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The draw to promote diversity in the academic environment


Initially a bit of a goofy idea, the raffle is starting to be taken seriously by many research funding agencies. Indeed, it is a promising solution to increase equity, diversity and inclusion (EDI) in academia.

Several members of the research community consider that the peer review does not enable a fair comparison of files deemed to be similar, making the selection between these files more sensitive to the unconscious bias and other valuation biases. It is important to remember that the evaluation by peers, although it aims to be as objective as possible, always includes an element of subjectivity.

My research focuses on issues of equity, diversity and inclusion in research and post-secondary education. Thus, I am constantly looking for ideas and practices that promote participation in research that is fair, equitable and representative of the entire population. Knowing that lotteries are little known at the Canadian level, I present here some cases from abroad and recently presented in a report produced for the Quebec Research Funds.

Anonymization of records to increase diversity

To encourage support for innovative research projects, the Health Research Council of New Zealand (HRC) implemented in 2013 a process for anonymizing and randomly drawing applications from the Explore grant. The Explorer Grant supports research proposals with the potential to make game-changing change in the New Zealand healthcare sector.

In this program, the files to be evaluated are first anonymized. The committee evaluates the applications to determine whether the proposed project meets the two selection criteria: the potential for scientific progress and the viability of the project. Files that meet both criteria are all equally eligible for funding. A random number generator then orders the folders.

In 2020, a study probe the acceptability of the draw in the allocation of the Explorer grant. Of the 126 people surveyed, 63% said that the lottery is a good way to select projects to be funded under this program, with this support being higher among people who have received an Explorer grant. More informally, in an interview, the HRC team shared with us that the anonymization process is linked to an increase in the diversity of candidates’ backgrounds.

In the same vein, in 2019 the Austrian Research Fund (FWF) launched a pilot project for its “1000 ideas” program. This program aims to fund bold projects in all disciplines, with the potential for revolutionary discovery, and the selection process also includes an anonymized project and a draw.

What are unconscious biases?

Reduce bias and decide between equivalent files

In 2018, Matthew Egger – President of the Research Council of the Swiss National Science Foundation (SNSF) – introduces the idea of ​​the draw to the Swiss research community. Shortly thereafter, the Swiss National Science Foundation set up a lottery procedure for a postdoctoral fellowship program. In addition to reducing the impact of unconscious bias, this measure also makes the application evaluation process less time-consuming and resource-intensive.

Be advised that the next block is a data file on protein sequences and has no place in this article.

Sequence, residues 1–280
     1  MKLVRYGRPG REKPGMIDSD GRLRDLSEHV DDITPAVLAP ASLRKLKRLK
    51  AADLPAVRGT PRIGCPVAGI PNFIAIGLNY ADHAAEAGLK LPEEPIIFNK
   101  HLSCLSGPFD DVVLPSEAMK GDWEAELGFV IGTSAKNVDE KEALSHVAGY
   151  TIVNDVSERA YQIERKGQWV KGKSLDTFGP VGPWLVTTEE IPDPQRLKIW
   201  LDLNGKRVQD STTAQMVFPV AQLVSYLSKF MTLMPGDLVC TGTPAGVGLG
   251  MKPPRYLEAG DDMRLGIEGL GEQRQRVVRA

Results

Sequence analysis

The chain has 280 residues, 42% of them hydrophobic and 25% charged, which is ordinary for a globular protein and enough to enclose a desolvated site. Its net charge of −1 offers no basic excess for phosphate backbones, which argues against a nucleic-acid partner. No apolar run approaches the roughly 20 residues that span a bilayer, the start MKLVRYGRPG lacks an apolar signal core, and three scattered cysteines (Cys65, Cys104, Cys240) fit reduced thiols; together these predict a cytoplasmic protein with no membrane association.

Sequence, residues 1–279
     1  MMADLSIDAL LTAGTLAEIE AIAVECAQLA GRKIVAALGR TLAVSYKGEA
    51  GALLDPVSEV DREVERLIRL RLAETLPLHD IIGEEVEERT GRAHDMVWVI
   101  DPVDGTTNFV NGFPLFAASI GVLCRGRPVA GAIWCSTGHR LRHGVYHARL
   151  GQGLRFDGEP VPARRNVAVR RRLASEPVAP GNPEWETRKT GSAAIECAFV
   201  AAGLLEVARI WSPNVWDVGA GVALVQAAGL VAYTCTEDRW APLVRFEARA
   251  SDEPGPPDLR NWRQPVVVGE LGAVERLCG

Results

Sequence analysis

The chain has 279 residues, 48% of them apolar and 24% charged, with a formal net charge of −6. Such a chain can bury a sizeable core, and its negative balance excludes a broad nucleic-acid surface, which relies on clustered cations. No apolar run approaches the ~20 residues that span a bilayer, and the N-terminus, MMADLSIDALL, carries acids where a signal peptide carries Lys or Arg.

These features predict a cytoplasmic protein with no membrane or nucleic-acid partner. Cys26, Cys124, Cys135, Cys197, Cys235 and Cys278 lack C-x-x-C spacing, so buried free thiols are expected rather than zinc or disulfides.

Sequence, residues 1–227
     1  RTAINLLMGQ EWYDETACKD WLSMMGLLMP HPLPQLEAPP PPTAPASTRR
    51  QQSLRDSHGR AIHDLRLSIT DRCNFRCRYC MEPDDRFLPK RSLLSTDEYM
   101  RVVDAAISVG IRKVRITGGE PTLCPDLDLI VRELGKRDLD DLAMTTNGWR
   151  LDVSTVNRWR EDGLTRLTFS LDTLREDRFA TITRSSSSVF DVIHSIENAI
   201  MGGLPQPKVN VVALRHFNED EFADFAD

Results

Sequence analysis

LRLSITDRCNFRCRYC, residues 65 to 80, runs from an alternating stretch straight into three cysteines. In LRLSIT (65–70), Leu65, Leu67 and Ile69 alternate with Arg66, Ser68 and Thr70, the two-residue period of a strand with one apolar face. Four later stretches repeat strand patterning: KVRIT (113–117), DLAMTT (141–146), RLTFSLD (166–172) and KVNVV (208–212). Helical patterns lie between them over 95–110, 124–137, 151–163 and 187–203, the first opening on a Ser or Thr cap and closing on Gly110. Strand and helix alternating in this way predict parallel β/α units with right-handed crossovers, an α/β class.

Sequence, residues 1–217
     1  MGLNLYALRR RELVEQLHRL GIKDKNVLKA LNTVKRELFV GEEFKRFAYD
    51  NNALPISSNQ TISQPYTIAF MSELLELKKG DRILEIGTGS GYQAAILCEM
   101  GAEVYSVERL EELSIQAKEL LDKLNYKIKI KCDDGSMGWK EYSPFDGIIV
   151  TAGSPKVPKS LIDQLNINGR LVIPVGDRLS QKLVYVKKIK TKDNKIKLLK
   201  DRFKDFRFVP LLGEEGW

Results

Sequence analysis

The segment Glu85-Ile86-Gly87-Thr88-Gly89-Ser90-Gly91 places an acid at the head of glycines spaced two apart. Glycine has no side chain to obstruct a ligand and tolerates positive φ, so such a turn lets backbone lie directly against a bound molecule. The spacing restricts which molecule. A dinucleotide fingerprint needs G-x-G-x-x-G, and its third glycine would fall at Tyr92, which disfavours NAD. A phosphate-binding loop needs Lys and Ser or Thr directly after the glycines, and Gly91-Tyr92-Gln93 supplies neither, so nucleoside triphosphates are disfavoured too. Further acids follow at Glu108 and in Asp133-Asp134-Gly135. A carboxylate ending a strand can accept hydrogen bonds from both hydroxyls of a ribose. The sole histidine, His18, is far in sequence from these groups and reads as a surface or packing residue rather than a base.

Following this positive experience which was the subject of a scientific publicationthe draw was included in the organizational regulations in the following way:

Funding decisions can rely heavily on the assessment by external experts or, in the event of insufficient incentive funds, applications can be selected by lottery that are objectively indistinguishable .

The SNSF informs the applicants whose funding has been accepted or not by drawing lots. In March 2021, the draw was used on only 9 out of 278 proposals, i.e. 3.2%.

More recently, in September 2022, the British Academythe National Academy of Humanities and Social Sciences of the United Kingdom has announced the setting up of the draw to allocate funding to two equivalent applications. Indeed, the members of the evaluation committee affirm that there are twice as many proposals that reach the threshold of excellence, but that it is impossible to accept them all. The drawing of lots therefore makes it possible to “choose” the files financed without bias.

Peer evaluation, although it aims to be as objective as possible, always involves an element of subjectivity.

Why adopt the draw?

The arguments put forward above by the HRC and the FNS in adopting the draw are reflected in a study on the factors facilitating or limiting the implementation of random draw methods in granting agencies.

Findings from interviews with influencers in granting agencies show two motivations for adopting lottery:

  • equity goals, including differentiating between equivalent proposals when funding is limited; And

  • encourage a wider range of topics and types of research, including potentially groundbreaking research.

The study also notes that applicants show less hostility in receiving a denial of funding than expected by granting agencies.

For more

This discussion, which seemed impossible five or ten years ago, is taking more and more of magnitude. In Canada, granting agencies are questioning the practices to adopt in order to increase the representativeness of the people and projects funded.

In my opinion, the drawing of lots is a simple and advantageous solution which notably makes it possible to lighten the considerable task of evaluation. But above all, in the face of the draw, each individual or project is completely equal!

The examples of raffle set up for the New Zealand Health Research Council and the Swiss National Fund are taken from the report Innovative EDI Practices by Granting Agencies published in November 2022 by the Quebec Interuniversity Network for Equity, Diversity and Inclusion for the Quebec Research Funds.

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